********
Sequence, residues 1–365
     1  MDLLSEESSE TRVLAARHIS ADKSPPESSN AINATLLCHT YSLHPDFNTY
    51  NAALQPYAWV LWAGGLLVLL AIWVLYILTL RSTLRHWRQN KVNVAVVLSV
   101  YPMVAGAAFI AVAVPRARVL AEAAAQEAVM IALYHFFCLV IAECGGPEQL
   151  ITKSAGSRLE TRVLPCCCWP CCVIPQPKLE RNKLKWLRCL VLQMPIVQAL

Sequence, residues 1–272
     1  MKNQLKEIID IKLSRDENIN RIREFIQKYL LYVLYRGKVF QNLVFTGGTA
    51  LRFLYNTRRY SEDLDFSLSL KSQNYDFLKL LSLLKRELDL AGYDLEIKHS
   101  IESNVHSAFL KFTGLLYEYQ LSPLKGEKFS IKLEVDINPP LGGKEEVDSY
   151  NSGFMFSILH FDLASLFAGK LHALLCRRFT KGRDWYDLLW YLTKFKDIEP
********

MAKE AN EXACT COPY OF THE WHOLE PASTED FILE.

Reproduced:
Sequence, residues 1–365
     1  MDLLSEESSE TRVLAARHIS ADKSPPESSN AINATLLCHT YSLHPDFNTY
    51  NAALQPYAWV LWAGGLLVLL AIWVLYILTL RSTLRHWRQN KVNVAVVLSV
   101  YPMVAGAAFI AVAVPRARVL AEAAAQEAVM IALYHFFCLV IAECGGPEQL
   151  ITKSAGSRLE TRVLPCCCWP CCVIPQPKLE RNKLKWLRCL VLQMPIVQAL

Sequence, residues 1–272
     1  MKNQLKEIID IKLSRDENIN RIREFIQKYL LYVLYRGKVF QNLVFTGGTA
    51  LRFLYNTRRY SEDLDFSLSL KSQNYDFLKL LSLLKRELDL AGYDLEIKHS
   101  IESNVHSAFL KFTGLLYEYQ LSPLKGEKFS IKLEVDINPP LGGKEEVDSY
   151  NSGFMFSILH FDLASLFAGK LHALLCRRFT KGRDWYDLLW YLTKFKDIEP